Tuesday, November 18, 2008

Entertainment on the Lot

The rest of the drive was no problem. Sure, Louisiana has some shitty highways, but it felt good to be back in what is becoming one of my favorite states.

We're back on a nice flat parking lot and I think I broke my own personal record for backing myself into a space, unhitching, and setting up the trailer. A much welcome change from the debacle in Pikeville.

There's not a whole lot of cool things to check out here but it'll be good to take a week off since I'm hoping to spend a few days in New Orleans next week around my birthday.

The plan today was to head out and explore a bit to see what was here. However, as we were setting up our water today, Kat came over and let us know that if we weren't busy this afternoon there was going to be a little show:

Big Mitko the Bulgarian is known for dragging things....namely two Semi Trucks across a parking lot in Texas.

Today, he wants to pull a fully loaded semi with trailer (about 56,000 lbs or something).

Just him, a harness, and a rope. Strongman competition style. 3pm today.

Check back for the video.....

Sunday, November 16, 2008

'Sweet Home' My Ass

Pikeville, KY to Bossier City, LA: 900 miles. Not the longest jaunt on the tour thus far but certainly one of the more 'let's just get this over with ones'.

We stopped for the night at some random Rest Area somewhere in Alabama. It smells like pee. Everywhere.

And apparently we haven't traveled far enough South to escape the frigid night air. Looks like a repeat of our arrival in Springfield, MA will be in order tonight.

I have to admit I kind of liked Pikeville. We played the only arena for at least 100 miles. The crowds were strong and responsive. The Circus is a Big Ticket Item for these folks. Not much (anything) in the way of night life though. There was 'a' bar in town. As in one singular tiny bar.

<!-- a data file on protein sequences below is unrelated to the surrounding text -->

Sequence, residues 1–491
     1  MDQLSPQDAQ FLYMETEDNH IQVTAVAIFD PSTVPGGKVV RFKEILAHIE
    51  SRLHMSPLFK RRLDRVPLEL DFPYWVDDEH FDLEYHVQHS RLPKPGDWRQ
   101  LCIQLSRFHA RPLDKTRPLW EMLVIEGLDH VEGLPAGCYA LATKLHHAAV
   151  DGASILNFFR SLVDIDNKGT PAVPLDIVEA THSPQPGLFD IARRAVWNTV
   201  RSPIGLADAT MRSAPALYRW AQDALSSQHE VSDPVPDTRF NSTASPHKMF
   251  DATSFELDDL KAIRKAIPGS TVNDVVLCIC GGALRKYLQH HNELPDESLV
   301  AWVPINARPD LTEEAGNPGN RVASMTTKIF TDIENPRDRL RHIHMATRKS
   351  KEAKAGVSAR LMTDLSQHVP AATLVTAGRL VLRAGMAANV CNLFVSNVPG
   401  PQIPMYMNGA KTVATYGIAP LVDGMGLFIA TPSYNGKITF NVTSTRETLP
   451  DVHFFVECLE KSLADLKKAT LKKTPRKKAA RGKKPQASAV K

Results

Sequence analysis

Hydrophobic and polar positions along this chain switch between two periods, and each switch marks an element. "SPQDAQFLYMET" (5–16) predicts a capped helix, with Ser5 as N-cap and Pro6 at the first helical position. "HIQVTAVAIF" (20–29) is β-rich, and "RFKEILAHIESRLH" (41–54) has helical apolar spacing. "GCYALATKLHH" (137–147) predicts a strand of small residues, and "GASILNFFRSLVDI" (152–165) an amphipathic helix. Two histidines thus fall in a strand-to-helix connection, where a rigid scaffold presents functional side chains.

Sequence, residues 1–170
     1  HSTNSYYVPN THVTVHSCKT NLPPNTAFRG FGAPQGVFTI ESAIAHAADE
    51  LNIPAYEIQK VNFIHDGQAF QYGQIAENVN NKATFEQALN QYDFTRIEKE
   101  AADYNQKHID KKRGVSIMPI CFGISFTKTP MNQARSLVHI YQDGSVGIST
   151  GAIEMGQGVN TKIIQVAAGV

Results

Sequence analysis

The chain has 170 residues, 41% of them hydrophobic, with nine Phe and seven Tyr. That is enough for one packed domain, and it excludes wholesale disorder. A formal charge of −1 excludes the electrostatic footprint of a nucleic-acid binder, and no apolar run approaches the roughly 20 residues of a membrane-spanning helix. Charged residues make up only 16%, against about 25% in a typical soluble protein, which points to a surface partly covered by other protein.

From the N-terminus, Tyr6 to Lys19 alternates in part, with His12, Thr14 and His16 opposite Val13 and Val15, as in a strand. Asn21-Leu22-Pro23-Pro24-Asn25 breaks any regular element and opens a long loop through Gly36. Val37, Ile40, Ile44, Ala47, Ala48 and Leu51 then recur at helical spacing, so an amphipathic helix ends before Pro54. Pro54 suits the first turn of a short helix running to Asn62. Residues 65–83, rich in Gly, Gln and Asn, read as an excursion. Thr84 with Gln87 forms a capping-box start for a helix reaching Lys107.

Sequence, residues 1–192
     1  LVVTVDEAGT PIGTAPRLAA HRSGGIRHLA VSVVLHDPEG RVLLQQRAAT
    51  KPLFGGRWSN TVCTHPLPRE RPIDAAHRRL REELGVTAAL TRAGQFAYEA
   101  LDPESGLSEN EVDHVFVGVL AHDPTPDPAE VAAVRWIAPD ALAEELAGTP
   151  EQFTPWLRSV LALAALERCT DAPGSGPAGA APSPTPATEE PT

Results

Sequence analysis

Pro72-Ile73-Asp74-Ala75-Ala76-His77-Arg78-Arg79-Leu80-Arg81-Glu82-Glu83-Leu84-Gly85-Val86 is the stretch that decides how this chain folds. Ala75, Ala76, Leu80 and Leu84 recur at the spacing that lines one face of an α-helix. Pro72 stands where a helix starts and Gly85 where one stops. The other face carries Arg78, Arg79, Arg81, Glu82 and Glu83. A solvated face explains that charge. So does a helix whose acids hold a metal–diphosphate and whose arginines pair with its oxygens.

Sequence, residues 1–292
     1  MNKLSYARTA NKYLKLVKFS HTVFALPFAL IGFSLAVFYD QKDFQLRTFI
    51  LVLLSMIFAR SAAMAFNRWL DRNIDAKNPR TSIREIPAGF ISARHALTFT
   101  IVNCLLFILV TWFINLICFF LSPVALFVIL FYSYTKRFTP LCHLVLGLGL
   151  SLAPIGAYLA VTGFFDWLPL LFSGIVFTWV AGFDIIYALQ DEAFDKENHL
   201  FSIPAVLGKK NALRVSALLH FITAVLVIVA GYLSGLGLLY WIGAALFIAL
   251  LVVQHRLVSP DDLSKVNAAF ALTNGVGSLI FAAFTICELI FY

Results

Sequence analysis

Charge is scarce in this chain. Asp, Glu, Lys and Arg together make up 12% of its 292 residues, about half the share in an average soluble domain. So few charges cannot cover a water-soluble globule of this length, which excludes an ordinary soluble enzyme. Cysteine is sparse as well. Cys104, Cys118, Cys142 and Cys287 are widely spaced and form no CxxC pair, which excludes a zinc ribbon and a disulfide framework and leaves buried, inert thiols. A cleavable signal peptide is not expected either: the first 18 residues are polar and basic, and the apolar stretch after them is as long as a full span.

The landscape was quite impressive considering they had to basically plow through a mountain to make the city.

I visited the Dils Cemetery which houses the graves of some of the McCoy's. Yup...THOSE McCoy's.


Bossier City should be fun. Larry owes us a BBQ outside his trailer for always being late. And think there's a collective birthday party for a lot of the show kids at Chuck E Cheese. Woot.

Off to bed I suppose. It will be much colder out in the trailer but it least it won't smell like pee.


Thursday, November 13, 2008

Striving for Chillaxination

The after effects from last night's incident are lingering. I'd like to blame my pseudo-odd behavior today on that....but I'm not sure dropping my trailer is totally to blame.

The obvious solution was eloquently stated in a text message from a good friend:

"Yeah sounds like you need to chillax bro!"

Truer words were never spoken.

I'm not used to being in print. I'm not used to revealing myself at all. Ever since it went to press I've been super paranoid and nervous that I said/did something wrong with regards to the article although I know that's not the case. It's not a plea for reassurance/fishing for compliments....it's just....a complex I guess haha.

I dunno. It's similar to the way I used to be after almost every gig I played with any given band (I think I wrote about this in an earlier post so forgive the repeat).

"Hey great show!"

"Yeah but the one tune was too fast. I screwed this part off. We really didn't play well at all...blah blah blah blah"

"Um....well I thought it was good so....."

I don't know if it's residual perfectionism or just plain paranoia.

So apologies to anyone I've annoyed/inconvenienced with my ramblings on. The trailer drop thing just really put me on edge. I'm starting to realize just how lucky I was.

Cheers again to Aaron for writing such a great article and to Chris for having an interest in the story. I miss not being able to pick up a CP every week. Seriously, have you BEEN to Pikeville, KY? It's pretty from a scenic standpoint.....but there ain't much here to do.

Ok. Feeling slightly calmer. T'would be much easier with a certain Queen of Hearts around....

Anyway, the truck goes in for its 15000 mile check up tomorrow after our 10:30am show. It seems like a lifetime ago when I watched the odometer hit 1000 miles.

Taking this gig was such a good decision.

Never a dull moment, right?

The first vehicle that was "officially" mine to drive was a dark blue 1985 Ford Ranger stick shift that had belonged to my Grandpa on my Mom's side before he passed. I have memories of riding alongside him both grossed out by the Styrofoam cup full of Mail Pouch Tobacco spit but also comforted by it since I associated the smell with him.

The cup was removed before I took ownership but hints of the scent still lingered which while should be gross I found rather pleasant.